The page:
Help us continue to grow by subscribing today if you haven’t already. Just click on the icon right after the title of this post to do that.

____________________________________________________________

Doug Bolton, the founder of the blog, Signs of Hope, which is at www.dailysignsofhope.com, has written a new book, “Signs of Hope for the Military: In and Out of the Trenches of Life.” It will be reaching out the many military and veterans who may be battling anxiety, fear, depression, addictions, rejections, and the many other usual suspects. There are 22 military connected suicides every day. That is almost one every hour. Doug wants to help stop those statistics. Doug sent off his mini proposal to an agent who is very interested in his concept. We will update you when we hear more. 

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It has been a while since I last posted here. Many different illnesses, and interference’s.
I am going to Cardio rehab on Tuesdays and Thursdays. I found that there were three veterans that were also in rehab. I found out their names, and got to know them.
Two of them were in Korea like I was. Another was a Vietnam veteran. It is very interesting that there are so many veterans who are having heart problems, but I haven’t pursued that thought yet.
As I got to know the men, we found that we each had different experiences that should be shared with other veterans. I took it on myself to set-up official interviews with each of the men.
I will share so of the conversations with you on later posts.

The book “Signs of Hope for the Military: In and Out of the Trenches of Life,” Is nearing the finish line. Just a few new added chapters, and finishing up with the large amount of interviews I have lined up, and the book will be ready for publication.
I will give you a quick sneak preview of some of the interviews I have had so far. No names; no places. Just quotes from some of the veterans. I will be disclosing names and places in the book. (This is called a hook, in the writing industry!)
One WWII soldier told me the story of him being a tanker in the war and having a Japanese soldier tossing a grenade into their tank. He said his close buddy next to him was killed instantly. He was wounded. He received the Purple Heart, and another medal for bravery.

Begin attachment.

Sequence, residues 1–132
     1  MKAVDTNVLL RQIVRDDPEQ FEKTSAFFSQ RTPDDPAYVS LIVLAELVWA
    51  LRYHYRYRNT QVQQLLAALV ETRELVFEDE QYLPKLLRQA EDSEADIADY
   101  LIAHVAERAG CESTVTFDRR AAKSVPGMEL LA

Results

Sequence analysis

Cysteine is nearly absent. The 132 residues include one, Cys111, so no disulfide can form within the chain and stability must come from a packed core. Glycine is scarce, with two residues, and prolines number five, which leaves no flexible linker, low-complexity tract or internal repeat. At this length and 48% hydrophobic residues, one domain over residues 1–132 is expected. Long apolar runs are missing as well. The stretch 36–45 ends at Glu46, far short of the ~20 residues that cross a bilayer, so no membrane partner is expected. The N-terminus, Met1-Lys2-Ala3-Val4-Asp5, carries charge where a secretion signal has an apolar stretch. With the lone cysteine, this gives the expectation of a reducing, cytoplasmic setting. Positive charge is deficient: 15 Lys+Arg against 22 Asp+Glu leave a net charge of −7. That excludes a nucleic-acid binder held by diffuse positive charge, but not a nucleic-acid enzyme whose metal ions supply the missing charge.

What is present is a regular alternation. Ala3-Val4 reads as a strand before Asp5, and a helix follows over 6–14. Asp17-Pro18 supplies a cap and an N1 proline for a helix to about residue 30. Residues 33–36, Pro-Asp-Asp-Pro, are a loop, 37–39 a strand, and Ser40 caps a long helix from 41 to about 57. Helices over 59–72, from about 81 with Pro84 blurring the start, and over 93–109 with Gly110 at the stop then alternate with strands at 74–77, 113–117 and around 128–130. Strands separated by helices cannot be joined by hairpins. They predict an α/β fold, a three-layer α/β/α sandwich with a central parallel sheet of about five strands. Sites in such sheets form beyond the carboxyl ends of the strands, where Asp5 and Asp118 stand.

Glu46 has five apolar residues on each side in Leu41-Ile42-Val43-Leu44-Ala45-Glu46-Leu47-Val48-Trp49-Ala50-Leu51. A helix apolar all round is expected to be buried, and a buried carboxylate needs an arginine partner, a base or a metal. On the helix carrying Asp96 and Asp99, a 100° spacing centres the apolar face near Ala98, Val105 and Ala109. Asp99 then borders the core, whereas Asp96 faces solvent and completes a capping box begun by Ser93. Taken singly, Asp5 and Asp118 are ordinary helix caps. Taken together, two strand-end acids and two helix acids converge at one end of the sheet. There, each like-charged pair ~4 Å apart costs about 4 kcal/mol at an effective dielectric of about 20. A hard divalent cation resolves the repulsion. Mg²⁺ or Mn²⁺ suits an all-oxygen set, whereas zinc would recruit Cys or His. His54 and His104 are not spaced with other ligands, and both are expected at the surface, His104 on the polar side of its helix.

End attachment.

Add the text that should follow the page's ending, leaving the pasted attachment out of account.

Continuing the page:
Another WWII soldier said he was wounded and lying on the battle field pretending he was dead, as the German soldiers checked to see if anyone was alive. He survived that horrible ordeal, and received the Purple Heart.
A Vietnam era Medic told me about holding soldiers in his arms while they died. He also told me one soldier asked him if he was scared, and he said, “Yes I am.”
Another Vietnam Navy veteran told me he watched in horror as his best friend’s helicopter, he was the pilot of, lifted off of the ship and then crashed into the ocean. It sank with all the soldiers trapped inside. The water was too deep to rescue them, so they all perished.
The first Iraq war left many soldiers with PTSD. I have interviewed some of them and their stories are heartbreaking.
All these interviews and many more will be in the book.
I was in the military. I was deployed just like many other soldiers. I was extremely lucky not to be in a war zone. Many other soldiers were not.
The book will cover deployments, spouses left behind; domestic violence in the military; loneliness; some humor; individual interviews from many of the soldiers who were in the trenches, and many personal stories.
If you are a veteran, and current person in the military, or even a family member/friend of someone in the military, I feel this book will be very beneficial to you.
I am not plugging this book for fame or money. I am plugging this book to reachout to all of those veterans and military who maybe hurting.
Here is a statistic that I want to change some how:

•There are 22 suicides a day among the veterans and military. It has never gone below that figure for several years.

Please, if you are military, or a veteran, stand strong. Know that many people are praying for you. Don’t give into the negative thoughts in your head. That is Satan talking to you, and he would love to add you to his trophy wall of people who gave up.

You are a person of much worth. God made you in His image. He loves you. Cling to His promises, which are:
•You are never alone.
•You are never forsaken.
•You are never unloved.

And I must add…. above all…never, ever, give up!